Are Umbrellas Effete?

Umbrellas are a very useful object to have on hand when it starts to rain, whatever your gender may be, but many men avoid using them as they think doing so is in some way considered effete. These men would rather be soaked down to the bone than risk the humiliation of being seen in public with an umbrella, but they are missing a trick. Let’s look how umbrellas have been used by men throughout history.

Man Holding Inverlla Umbrella


Umbrellas as we know them were originally invented as a way to protect against the sun rather than the rain. The umbrella was first called a parasol and is documented as being used as early as the 4th Century B.C. in places such as ancient Rome, ancient Greece, ancient Egypt, India and the Middle East. Their design was very close to that of the umbrella as we know it now.

It appears that is was women who mostly used these early umbrellas/parasols (from para “stop” and sol “sun”), though evidence exists that proves it was used by kings, clergymen, and other members of royalty as well.


Umbrellas became popular in England in the early 1750s when an Englishman called Jonas Hanway returned from a trip to France with an umbrella, which he used to guard himself against London’s incessant rain. Passersby were shocked at seeing a man committing such a social faux-pas, but Hanway was not bothered by their reaction and carried on using his rain defense.

At this time in England, the use of the umbrella by a men was considered effete and seen as a character weakness; it was far more desirable to be soaked than to carry such a thing. However, Hanway’s umbrella caught on and became increasingly more popular towards by the late 1700s as a way to protect both men and women from the rain. By 1881, it was rather common for men to use umbrellas.


After the U.S. Navy allowed its men to wear umbrellas while in uniform in 1987, after on-and-off debates since 1969, it sent the message loud and clear that it is no longer considered feminine or effete for a man to carry an umbrella.  It seems that while parasols may have had a feminine edge, though one that Royalty embraced, the modern rain umbrella is considered more of a necessity.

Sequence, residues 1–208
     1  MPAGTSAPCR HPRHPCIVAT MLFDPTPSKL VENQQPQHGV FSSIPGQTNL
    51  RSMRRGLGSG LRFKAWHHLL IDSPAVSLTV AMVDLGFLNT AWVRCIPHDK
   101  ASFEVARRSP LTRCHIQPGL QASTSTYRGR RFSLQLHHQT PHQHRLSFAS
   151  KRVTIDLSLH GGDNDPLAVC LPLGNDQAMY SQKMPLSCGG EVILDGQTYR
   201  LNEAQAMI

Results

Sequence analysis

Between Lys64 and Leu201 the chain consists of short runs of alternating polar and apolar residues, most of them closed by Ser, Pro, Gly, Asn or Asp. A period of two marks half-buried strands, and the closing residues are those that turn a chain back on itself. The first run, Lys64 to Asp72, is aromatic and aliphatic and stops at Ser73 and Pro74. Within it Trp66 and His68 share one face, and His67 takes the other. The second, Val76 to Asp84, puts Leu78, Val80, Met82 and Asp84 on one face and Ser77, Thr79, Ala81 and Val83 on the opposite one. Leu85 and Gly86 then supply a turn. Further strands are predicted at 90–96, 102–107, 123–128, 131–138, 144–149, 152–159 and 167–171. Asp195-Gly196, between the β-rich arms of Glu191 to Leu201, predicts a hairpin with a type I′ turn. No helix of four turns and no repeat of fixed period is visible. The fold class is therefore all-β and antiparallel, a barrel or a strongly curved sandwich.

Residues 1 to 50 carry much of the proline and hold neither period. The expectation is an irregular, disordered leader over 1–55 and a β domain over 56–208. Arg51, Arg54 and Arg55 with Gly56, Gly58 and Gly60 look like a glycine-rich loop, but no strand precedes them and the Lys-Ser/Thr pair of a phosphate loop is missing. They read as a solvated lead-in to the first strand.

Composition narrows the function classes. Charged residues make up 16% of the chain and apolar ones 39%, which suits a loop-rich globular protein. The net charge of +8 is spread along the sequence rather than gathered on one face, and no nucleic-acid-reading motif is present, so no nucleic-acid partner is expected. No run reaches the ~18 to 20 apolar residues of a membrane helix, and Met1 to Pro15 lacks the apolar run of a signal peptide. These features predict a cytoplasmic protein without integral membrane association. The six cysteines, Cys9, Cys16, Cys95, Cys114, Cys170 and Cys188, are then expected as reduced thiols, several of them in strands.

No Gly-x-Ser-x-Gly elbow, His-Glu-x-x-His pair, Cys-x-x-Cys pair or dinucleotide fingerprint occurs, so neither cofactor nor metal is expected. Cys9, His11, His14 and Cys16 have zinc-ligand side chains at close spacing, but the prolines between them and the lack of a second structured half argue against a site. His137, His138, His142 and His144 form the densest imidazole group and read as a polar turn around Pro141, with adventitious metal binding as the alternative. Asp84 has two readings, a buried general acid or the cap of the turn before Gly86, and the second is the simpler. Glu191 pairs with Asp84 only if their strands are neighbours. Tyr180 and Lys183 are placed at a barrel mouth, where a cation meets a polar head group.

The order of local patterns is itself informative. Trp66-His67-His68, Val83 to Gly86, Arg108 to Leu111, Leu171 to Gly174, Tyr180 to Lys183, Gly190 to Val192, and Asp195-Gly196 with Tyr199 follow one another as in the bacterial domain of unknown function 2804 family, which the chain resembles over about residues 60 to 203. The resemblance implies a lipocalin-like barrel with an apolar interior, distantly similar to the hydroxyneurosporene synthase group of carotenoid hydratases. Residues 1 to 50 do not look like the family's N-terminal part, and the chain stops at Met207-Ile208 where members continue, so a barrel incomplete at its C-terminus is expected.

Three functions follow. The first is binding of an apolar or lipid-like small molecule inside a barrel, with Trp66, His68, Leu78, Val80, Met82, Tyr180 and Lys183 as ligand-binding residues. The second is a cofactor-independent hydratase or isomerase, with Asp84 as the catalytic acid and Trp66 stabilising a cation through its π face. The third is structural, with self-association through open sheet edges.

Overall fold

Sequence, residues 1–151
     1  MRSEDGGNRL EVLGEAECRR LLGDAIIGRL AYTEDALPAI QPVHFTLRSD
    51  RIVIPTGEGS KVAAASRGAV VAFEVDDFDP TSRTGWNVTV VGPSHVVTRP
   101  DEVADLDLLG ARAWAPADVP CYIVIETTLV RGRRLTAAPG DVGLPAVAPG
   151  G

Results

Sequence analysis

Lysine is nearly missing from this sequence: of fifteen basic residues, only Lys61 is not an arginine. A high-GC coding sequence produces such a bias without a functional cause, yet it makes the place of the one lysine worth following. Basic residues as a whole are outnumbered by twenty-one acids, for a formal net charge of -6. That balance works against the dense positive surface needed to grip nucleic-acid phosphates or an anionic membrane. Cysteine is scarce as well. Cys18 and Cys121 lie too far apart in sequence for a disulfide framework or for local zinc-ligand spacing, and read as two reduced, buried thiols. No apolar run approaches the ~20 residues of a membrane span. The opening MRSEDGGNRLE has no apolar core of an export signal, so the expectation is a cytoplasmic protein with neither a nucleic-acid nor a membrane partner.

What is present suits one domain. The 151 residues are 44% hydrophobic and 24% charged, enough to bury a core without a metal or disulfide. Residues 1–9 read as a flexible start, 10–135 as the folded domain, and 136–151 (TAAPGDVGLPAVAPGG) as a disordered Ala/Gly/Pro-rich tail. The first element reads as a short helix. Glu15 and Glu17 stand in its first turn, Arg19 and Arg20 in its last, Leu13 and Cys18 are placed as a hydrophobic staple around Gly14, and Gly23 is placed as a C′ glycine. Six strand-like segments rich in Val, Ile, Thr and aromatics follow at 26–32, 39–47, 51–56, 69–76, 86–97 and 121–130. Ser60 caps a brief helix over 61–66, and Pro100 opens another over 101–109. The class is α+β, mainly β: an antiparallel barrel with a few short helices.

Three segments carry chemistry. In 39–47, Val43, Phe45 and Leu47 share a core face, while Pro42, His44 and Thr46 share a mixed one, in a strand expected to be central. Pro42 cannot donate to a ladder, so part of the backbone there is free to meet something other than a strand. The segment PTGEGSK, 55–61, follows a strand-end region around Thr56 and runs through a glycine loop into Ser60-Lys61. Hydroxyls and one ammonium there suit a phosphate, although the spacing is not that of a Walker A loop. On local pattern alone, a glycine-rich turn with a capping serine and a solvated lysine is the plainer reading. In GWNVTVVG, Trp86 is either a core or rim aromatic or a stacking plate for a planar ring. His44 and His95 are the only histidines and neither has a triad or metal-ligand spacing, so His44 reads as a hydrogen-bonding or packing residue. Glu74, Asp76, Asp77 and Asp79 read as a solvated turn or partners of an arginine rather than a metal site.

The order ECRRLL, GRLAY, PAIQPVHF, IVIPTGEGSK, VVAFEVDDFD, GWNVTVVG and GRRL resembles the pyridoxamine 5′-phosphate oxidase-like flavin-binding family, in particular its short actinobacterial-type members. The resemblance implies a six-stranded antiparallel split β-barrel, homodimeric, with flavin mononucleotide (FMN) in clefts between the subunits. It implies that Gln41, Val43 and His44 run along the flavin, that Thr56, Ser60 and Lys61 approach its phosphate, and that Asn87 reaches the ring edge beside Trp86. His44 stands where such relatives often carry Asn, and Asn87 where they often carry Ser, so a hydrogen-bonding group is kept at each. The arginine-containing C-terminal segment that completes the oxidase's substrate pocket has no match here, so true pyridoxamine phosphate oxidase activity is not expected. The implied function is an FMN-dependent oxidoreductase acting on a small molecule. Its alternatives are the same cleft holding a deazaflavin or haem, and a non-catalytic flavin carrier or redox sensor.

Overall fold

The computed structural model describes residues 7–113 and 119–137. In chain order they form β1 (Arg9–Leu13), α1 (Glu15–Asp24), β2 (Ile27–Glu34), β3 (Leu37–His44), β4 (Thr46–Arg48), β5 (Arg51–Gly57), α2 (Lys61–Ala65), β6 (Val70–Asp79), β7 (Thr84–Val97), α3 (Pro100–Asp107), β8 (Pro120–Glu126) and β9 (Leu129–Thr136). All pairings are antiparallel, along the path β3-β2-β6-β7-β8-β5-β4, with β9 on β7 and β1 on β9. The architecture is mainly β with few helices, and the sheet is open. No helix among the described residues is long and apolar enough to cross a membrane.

What are Inverted Umbrellas?

So, picture this. You’re walking to work or to meet a new date and it starts to rain. We’re not talking drizzle, we’re talking full-on bucketing rain that will soak you to the skin in two seconds flat unless you find a way to stay dry quickly. Luckily, you remember you have an umbrella stashed in your bag, so you quickly grab it, put it up and continue on your way, safe in the knowledge that you’ll arrive at your destination nice and dry.

Except when you finally get there and you are indeed nice and dry, you put your umbrella down…and the water goes all over you AND all over the floor.
Not an impressive entrance, for sure, but it’s happened to us all. Umbrellas are an excellent invention, but they are far from foolproof.

At least, not until now! Enter the inverted umbrella, a relatively new invention that takes the concept of a standard umbrella and, well, turns it inside out!

Why would you invert an umbrella?

We’re glad you asked! First, let’s look at a traditional umbrella. You may be surprised to find out that umbrellas have been around since the 4th century B.C. and were first used in ancient Greece, ancient Rome, India, ancient Egypt, and the Middle East.

Umbrellas haven’t changed much at all since the old days (though perhaps the designs have become more wacky!) They still do a decent job of keeping us dry, but inevitably fail us at the last minute.

On top of this, they’re a nightmare on public transport, as the wet side will almost always brush up against your jeans (or that of a stranger!), they turn into weapons of mass destruction on the high street, as much as you go out of your way to save a passerby from getting poked in the eyes, and they tend to get blown inside out by strong winds, making them completely ineffective!

So, a brilliant Englishman came up with the innovative idea to invert the umbrella and keep us all a lot more safe and dry!

Here’s how:

1) To close an inverted umbrella, you pull it up rather than down so all the drips are caught inside
2) It opens from the top, so there are no eye-level prongs, keeping passersby safe!
3) As the wet side of the umbrella faces inward when closed, only the dry side is exposed
4) They can’t be buffeted inside out by the wind, because they’re already inside out!

And there you have it! Inverted umbrellas may look just look a standard umbrella, but we love that they are able to effectively carry out the one job—the ONLY job—that an umbrella has. They keep you, and those you come into contact with,100% dry!